Annual Report 2022
The Annual Report 2022 outlines the Ministry’s key achievements over the past year and details progress against long term outcomes and objectives. It includes non-financial performance information and the Ministry’s financial statements.
- A copy of the full report is available for download, along with the Vote Education Section 19B report in Relation to Non-Departmental appropriations for the year ended 30 June 2022.
Introduction from the Secretary for Education
Throughout the past year, we have continued to provide day-to-day support for the sector responding to COVID-19 in our communities, primarily in Tāmaki Makaurau, Te Tai Tokerau and Waikato before Christmas, and then across the nation with the Omicron variant. We:
- provided resources and enable decision-making at a local level so educators could give targeted support for learners at risk of disengagement with COVID-19
- expanded wellbeing and mental health supports to more tertiary institutions and provided one-off funding to enable additional counselling services to schools for the most vulnerable
- provided advice around vaccine mandates and ensured early learning services, schools and kura were prepared for Omicron, with access to masks and rapid antigen tests where needed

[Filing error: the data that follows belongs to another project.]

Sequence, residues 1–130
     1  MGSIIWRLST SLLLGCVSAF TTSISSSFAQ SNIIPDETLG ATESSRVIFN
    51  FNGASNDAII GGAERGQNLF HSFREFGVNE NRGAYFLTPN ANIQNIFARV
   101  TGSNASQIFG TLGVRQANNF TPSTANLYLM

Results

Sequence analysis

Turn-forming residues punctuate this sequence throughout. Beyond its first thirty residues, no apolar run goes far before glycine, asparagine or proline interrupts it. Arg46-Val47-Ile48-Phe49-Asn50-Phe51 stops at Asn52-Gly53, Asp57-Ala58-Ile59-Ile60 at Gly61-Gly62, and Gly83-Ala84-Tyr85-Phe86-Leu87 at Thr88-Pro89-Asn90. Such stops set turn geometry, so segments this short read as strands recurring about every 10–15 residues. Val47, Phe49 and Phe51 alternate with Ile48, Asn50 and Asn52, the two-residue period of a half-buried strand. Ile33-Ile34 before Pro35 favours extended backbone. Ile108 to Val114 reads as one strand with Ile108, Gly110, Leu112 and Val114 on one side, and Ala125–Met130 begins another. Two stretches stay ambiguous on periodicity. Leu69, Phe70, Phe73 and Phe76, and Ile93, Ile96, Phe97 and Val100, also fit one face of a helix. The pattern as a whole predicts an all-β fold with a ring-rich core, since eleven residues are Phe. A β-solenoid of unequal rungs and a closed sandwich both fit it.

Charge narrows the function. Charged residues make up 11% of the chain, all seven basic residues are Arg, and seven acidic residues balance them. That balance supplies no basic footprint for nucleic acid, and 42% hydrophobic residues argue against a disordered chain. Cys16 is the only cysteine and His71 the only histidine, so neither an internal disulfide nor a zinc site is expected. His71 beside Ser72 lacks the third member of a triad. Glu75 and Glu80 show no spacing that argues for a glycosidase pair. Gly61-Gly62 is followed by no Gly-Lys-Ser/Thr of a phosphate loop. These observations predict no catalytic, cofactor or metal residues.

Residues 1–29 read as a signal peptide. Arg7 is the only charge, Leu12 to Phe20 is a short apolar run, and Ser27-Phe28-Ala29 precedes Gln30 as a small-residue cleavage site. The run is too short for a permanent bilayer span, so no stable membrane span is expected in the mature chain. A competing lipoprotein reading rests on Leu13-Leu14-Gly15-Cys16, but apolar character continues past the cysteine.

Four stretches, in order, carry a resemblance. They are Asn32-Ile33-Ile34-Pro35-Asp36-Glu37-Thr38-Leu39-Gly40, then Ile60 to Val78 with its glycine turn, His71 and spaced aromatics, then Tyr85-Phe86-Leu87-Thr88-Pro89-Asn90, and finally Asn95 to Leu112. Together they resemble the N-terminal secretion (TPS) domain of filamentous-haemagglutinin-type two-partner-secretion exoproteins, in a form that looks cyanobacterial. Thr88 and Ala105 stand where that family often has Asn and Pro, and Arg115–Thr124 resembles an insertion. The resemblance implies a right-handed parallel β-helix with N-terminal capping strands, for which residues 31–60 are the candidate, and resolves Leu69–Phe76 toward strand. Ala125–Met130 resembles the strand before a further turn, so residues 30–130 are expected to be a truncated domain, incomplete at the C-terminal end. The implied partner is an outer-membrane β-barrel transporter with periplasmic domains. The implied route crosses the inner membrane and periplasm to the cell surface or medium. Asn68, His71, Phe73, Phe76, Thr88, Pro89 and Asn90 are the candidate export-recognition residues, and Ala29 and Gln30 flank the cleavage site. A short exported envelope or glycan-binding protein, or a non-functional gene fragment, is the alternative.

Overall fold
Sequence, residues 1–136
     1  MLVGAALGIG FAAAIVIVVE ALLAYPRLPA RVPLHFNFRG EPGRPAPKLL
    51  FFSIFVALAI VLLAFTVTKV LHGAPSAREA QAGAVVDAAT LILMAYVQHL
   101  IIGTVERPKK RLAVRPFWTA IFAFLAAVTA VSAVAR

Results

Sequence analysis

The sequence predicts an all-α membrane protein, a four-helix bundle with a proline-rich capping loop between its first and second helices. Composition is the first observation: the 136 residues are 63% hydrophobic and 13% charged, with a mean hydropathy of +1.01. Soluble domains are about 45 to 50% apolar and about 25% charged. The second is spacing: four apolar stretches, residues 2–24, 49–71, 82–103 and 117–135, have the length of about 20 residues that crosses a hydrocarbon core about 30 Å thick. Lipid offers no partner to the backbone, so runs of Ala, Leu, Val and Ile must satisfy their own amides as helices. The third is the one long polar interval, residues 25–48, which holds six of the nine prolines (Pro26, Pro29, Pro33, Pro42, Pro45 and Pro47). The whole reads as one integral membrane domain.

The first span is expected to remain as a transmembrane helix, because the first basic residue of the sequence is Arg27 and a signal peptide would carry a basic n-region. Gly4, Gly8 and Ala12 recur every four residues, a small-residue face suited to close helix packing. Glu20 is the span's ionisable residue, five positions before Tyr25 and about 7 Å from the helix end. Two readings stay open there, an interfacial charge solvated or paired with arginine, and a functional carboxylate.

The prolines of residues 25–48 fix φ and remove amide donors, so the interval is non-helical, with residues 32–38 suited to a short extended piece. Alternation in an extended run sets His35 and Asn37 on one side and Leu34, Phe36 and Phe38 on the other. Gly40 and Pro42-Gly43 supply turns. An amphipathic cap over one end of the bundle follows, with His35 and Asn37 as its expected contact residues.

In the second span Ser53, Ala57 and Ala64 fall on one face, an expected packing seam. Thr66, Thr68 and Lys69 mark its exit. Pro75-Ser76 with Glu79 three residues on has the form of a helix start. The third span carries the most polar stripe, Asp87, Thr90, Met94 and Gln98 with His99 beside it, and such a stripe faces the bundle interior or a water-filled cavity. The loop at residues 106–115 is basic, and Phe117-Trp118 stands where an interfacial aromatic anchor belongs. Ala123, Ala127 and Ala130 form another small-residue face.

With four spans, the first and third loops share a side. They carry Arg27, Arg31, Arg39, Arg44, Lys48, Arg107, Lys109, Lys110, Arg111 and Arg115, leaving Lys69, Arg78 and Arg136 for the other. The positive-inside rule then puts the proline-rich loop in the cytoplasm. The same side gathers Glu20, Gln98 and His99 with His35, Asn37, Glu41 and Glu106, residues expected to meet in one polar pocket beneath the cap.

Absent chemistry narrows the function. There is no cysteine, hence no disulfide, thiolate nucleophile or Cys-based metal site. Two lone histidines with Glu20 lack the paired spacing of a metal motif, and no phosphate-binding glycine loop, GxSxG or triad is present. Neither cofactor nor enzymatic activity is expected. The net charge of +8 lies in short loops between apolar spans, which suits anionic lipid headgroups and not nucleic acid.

- provided schools with CO2 monitors to help them identify spaces where maintaining good ventilation was a challenge and bought more than 8,000 air cleaners to help improve the air quality in these areas.
We acknowledge the amazing work across the sector, responding to these new challenges and additional pressures with the closure of places of learning and the ongoing effects of student and staff sickness.
We are continuing to address a number of challenges that pre-date COVID-19, but have been exacerbated by it.
Regular attendance at school continues to be affected by the disruptions of COVID-19. We supported a Select Committee Review and the development of an Attendance and Engagement Strategy which was announced in June 2022. The Strategy sets clear expectations for all of us – parents, teachers, government agencies, students and communities. The Strategy supports local solutions by local schools, kura and communities.
We know that our maths and literacy outcomes need to improve. Changes to strengthen NCEA are supporting this by providing clarity on what we mean by foundational literacy, numeracy, te reo matatini me te pāngarau. We are investing in our secondary schools and kura to prepare for these changes.
Two new strategies (Hei Raukura mō te Mokopuna Action Plan for Te Reo Matatini me te Pāngarau and the draft Literacy & Communication and Maths Strategy) were released in March 2022. These strategies are guiding the development of action plans to improve outcomes for young people in te reo matatini and pāngarau maths, literacy, communication, across the whole learning pathway. This will include support for teachers to have confidence teaching in these areas and tailored assessment, so parents know how their child is going and where support is needed.